Movie review: 'Big Wedding': Unhappily ever after

THE PHILADELPHIA INQUIRERApril 26, 2013 

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Robert De Niro and Diane Keaton star in “The Big Wedding,” a screwball romp missing a few screws.

BARRY WETCHER

  • THE BIG WEDDING

    ••

    Rated: R for language, sexual content and brief nudity. Starring: Robert De Niro, Katherine Heigl, Diane Keaton . Director: Justin Zackham. Running time: 90 minutes. Theaters: Edwards 22 and Edwards 9 in Boise, Edwards 14 and Edwards 12 in Nampa, Majestic 18 in Meridian.

"Marriage is like a phone call late at night," Robert De Niro says, in dulcet voice-over mode, at the outset of "The Big Wedding." "First comes the ring, and then you wake up."

Rimshot, please.

Except in Justin Zackham's sedated farce, there are no rimshots. The jokes are just splayed out there, accompanied by the strums of a guitar on the soundtrack.

Adapted from a 2006 French comedy, and boasting a cross-generational cast of daunting and not-so daunting stature, "The Big Wedding" throws up a messy web of relationships, a tangle of siblings and spouses, lovers and lunatics, intersecting in illicit and illogical ways.

In order to pull off this sort of business, the pace should be breakneck, there shouldn't be an extra second to contemplate the moral lapses and betrayals. Alas, "The Big Wedding," which inches along like a stoned snail, gives us all the time in the world.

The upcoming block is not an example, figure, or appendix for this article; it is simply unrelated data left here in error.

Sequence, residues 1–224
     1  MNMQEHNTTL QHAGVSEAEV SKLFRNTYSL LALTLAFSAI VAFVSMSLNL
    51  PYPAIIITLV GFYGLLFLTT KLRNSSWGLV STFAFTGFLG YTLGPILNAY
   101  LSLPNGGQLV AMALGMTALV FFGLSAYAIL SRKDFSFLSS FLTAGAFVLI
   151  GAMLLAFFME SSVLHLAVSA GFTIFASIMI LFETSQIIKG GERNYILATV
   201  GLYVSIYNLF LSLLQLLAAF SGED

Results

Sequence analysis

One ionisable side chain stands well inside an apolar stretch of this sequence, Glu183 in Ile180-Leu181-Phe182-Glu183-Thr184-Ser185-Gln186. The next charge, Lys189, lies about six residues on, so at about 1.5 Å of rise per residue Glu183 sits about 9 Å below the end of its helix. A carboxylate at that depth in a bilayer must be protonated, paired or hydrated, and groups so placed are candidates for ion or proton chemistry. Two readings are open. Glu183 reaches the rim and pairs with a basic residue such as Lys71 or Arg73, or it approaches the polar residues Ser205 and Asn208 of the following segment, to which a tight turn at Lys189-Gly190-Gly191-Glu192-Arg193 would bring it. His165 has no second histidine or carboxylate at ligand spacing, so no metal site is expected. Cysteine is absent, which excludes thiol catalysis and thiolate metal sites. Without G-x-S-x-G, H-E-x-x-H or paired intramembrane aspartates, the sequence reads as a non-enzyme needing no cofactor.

Don and Ellie Griffin (De Niro and Diane Keaton) are a long-divorced couple whose adopted son, Alejandro (Ben Barnes), is about to be married - to Amanda Seyfried's Missy. Don, a sculptor (and an apparently successful one: his house comes with a pool and overlooks a lake), lives with Bebe (Susan Sarandon), who was once Ellie's best friend.

Although Don and Bebe aren't married, she is like a loving stepmom to Don and Ellie's kids - Jared (Topher Grace), a closing-in-on-30 doctor who's still a virgin; Lyla (Kathryn Heigel), a brooder who has just broken up with her beau; and Alejandro, who originally hailed from Colombia, and who has invited his biological mother (Patricia Rae) to the wedding.

Alejandro fears that she is too conservative and devout a woman to accept that his adoptive parents have divorced, so he convinces them to act as though they're still together. Which leaves Bebe out in the cold - although not out of the picture, since her company is catering the wedding.

No one is bad in "The Big Wedding," but no one is remotely believable, either. Late in the game, Alejandro's Colombian mother cracks wise that all of this is like some crazy telenovella plot, and it is. Which is all fine and good in a screwball romp, but not here.

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